The contradictory quality of Carlyle's achievement as intuitive sage, seminal interpreter of German Romanticism, sworn enemy of mechanical and reductive views of life, outrageous ranter and charismatic humbug is already present in the early Sartor Resartus, lively and opaque by turns, a book which inspired the young and bewildered their elders. A devastating social critic over-impressed by heroes and dictators, Carlyle was humane and savage, radical and racist, an agnostic quoted by churchmen and praised as 'a prophet in the midst of an untoward generation' in Dean Stanley's funeral sermon in Westminster Abbey. He was sympathetic to Irish sufferings after the Famine, but almost equally sympathetic to Cromwellian ferocity in Ireland two centuries earlier. In the 1840s he was much admired by Marx and Engels. Both were deeply impressed by Past and Present (1843), his dramatic onslaught on the chaos and inhumanity of industrial England in the hungry 1840s. This text was a powerful influence on Marx's Economic and Philosophical Manuscripts, written in 1844, and contributed to The Communist Manifesto the idea of the cash nexus as the only real connection between master and men in a degraded capitalist society. But Carlyle's obnoxious 'Occasional Discourse on the Negro Question' (1849) and his violent, jingoistic and misanthropic Latter-Day Pamphlets (1850) seemed to confirm Marx's conviction that the leading talents of the bourgeoisie were now in decline, morally and intellectually, and prompted a harsh reassessment. Carlyle had earlier translated the whimsical German Romantic novelist Jean Paul Richter, lyrical and discursive by turns, a major influence on Sartor Resartus, and Marx now noted and deplored the pervasive effect on Carlyle's style of this 'literary apothecary'. Anthony Trollope and Edward Fitzgerald thought Carlyle had finally gone mad, and former disciples such as Matthew Arnold denounced him as frankly dangerous, a 'moral desperado'.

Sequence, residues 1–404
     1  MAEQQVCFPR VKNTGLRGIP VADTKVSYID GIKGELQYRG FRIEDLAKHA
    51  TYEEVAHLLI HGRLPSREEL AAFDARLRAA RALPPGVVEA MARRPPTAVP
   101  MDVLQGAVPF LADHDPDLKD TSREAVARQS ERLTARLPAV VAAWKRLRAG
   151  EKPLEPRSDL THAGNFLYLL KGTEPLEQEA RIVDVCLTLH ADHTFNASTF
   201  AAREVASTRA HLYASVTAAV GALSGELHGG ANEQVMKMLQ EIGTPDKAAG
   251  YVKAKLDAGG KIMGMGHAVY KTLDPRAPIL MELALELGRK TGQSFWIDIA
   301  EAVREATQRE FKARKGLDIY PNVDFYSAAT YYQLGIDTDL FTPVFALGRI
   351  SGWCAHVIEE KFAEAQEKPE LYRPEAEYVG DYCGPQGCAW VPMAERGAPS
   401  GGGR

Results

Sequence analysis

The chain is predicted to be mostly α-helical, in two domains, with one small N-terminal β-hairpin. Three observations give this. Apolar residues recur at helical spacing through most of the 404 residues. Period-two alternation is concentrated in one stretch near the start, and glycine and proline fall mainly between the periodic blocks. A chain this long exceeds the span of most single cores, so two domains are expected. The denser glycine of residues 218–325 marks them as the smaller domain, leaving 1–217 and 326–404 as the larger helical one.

LRB 2 November 2000 | PDF Download